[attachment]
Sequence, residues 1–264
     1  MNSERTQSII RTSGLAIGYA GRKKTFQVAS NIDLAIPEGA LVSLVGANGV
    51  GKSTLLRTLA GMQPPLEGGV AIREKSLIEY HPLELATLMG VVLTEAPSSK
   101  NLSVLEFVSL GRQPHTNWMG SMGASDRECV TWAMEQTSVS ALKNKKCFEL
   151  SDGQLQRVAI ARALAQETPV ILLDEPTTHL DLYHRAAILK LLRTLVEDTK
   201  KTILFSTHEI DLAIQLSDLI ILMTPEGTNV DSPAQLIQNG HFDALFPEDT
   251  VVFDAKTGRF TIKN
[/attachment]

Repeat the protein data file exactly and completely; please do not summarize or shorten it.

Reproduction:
Sequence, residues 1–264
     1  MNSERTQSII RTSGLAIGYA GRKKTFQVAS NIDLAIPEGA LVSLVGANGV
    51  GKSTLLRTLA GMQPPLEGGV AIREKSLIEY HPLELATLMG VVLTEAPSSK
   101  NLSVLEFVSL GRQPHTNWMG SMGASDRECV TWAMEQTSVS ALKNKKCFEL
   151  SDGQLQRVAI ARALAQETPV ILLDEPTTHL DLYHRAAILK LLRTLVEDTK
   201  KTILFSTHEI DLAIQLSDLI ILMTPEGTNV DSPAQLIQNG HFDALFPEDT
   251  VVFDAKTGRF TIKN